So, the lawyers are right about being able to deny "under certain limited circumstances such as an undue financial burden on the landlord" -- but, in general, a blanket statement from your insurance company that they don't allow particular breeds does not meet that requirement.
support animal (by Tim [CA]) Posted on: Jul 12, 2019 6:15 PM
Trouble is, that firm is in Missouri. He doesn't appear to practice in California.
California's laws (there's more than one) parallel but go well beyond the FHA. Example: It is not necessary to prove intent in California.
Using a form from an attorney in another state can backfire here. It doesn't deal with the nuances in California case law. --64.160.xxx.xxx
support animal (by JKJ [MA]) Posted on: Jul 13, 2019 9:30 PM
To reiterate what John has said, from what I have read, IF you could get a letter from your insurance company saying they will cancel or substantially increase your rates due to that SPECIFIC ANIMAL, (you need to let them know it’s an ESA/SA) then HUD will investigate the insurance company for discrimination. --174.192.x.xxx
support animal (by Tim [CA]) Posted on: Jul 13, 2019 11:00 PM
And since Dino is is California, they are unlikely to want to tangle with DFEH either. HUD and DFEH file complaints with each other. --64.160.xxx.xx
support animal (by dino [CA]) Posted on: Jul 14, 2019 12:00 AM
The issue of certain breeds is probably not going to come up for me, I was just curious about whether insurance could be a factor.
However, I have to disagree with the concept of discrimination by insurance companies being unlawful.
Bad drivers pay more for insurance.
People in risky professions pay more for insurance.
Old people pay more for life insurance.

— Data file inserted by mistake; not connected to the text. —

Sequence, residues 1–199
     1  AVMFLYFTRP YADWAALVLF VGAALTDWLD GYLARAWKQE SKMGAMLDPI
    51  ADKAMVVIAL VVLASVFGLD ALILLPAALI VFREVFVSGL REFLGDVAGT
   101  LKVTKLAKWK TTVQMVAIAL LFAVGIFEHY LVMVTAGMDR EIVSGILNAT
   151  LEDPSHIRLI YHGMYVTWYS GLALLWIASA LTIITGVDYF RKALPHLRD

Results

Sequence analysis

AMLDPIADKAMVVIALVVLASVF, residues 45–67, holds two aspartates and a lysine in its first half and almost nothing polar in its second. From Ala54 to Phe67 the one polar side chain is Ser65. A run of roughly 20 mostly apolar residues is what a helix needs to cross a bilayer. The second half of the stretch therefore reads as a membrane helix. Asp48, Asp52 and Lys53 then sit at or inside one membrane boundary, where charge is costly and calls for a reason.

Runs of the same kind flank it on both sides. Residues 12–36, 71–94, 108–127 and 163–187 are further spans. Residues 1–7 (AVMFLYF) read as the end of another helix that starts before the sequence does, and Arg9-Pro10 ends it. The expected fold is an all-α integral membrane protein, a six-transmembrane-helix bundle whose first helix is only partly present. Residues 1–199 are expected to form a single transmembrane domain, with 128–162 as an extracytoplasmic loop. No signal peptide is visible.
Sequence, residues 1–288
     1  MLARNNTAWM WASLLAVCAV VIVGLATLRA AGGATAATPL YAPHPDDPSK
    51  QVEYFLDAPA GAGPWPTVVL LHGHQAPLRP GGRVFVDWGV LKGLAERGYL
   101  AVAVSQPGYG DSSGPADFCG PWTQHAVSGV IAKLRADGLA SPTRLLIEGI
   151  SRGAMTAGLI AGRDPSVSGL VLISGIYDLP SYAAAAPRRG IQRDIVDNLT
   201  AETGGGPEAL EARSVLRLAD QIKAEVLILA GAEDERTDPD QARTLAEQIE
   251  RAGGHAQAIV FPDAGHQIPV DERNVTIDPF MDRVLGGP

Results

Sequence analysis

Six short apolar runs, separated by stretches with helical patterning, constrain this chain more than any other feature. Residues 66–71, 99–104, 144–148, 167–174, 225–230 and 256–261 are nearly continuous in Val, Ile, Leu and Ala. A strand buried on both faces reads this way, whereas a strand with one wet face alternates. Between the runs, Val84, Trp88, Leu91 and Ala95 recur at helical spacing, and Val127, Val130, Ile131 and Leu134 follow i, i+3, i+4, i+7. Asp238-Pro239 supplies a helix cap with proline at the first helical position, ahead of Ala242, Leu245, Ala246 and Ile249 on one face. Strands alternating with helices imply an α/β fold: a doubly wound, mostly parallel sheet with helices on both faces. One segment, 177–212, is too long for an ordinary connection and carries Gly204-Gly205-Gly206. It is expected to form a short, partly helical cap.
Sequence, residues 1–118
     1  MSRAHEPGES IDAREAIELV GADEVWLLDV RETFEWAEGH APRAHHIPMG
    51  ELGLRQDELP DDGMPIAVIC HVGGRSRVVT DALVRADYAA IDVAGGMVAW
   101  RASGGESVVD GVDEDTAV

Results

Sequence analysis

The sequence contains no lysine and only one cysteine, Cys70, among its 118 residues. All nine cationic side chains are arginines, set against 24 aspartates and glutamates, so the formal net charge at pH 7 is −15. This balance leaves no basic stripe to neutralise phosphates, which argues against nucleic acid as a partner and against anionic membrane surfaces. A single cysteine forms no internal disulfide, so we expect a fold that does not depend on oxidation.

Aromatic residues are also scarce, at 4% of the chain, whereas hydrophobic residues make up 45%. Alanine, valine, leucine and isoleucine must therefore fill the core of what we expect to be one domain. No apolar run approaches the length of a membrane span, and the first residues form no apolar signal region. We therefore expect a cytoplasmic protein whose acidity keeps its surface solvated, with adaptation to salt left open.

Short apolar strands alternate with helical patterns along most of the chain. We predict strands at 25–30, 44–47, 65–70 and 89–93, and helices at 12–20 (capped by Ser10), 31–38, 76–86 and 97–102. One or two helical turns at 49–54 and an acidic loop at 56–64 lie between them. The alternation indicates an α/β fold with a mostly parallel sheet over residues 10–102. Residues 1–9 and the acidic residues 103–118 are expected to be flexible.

Let's not forget the fact that we would all legally and morally deny an applicant that had a history of three evictions combined with zero income and zero assets.
All of the above are examples of legitimate, lawful discrimination.
Any person at a federal agency would be foolish and mentally unsound if they thought they could claim it was improper to increase premiums or deny insurance when a tenant wanted to operate a poisonous snake farm inside his apartment. Obviously, this is an absurd and extreme example. The point is that if the risk is higher, it is a legitimate business decision for the insurance company.
support animal (by Tim [CA]) Posted on: Jul 14, 2019 10:39 AM
Respectfully, those examples have nothing to do with an ESA. --64.160.xxx.xxx
support animal (by dino [CA]) Posted on: Jul 14, 2019 12:35 PM
Tim, my point is that breeds of dogs are not protected classes, like people. An insurance company can make the decision to raise premiums for these cases if they choose for a higher risk.
As I started out by saying above, there are other pitfalls in certain states such as where we live, but as long as those issues are not problems, it really does not matter whether an ESA is involved or not. There is no federal law denying insurance companies from making business decisions based on a legitimate facts concerning a particular dog.